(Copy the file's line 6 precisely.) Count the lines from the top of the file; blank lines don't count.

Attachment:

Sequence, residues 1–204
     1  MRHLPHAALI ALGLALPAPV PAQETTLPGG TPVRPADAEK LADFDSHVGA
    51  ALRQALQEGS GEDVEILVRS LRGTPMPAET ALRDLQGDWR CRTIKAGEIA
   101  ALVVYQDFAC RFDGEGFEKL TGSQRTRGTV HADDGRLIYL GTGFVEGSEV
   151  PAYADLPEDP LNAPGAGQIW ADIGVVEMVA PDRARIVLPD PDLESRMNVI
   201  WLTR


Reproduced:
   201  WLTR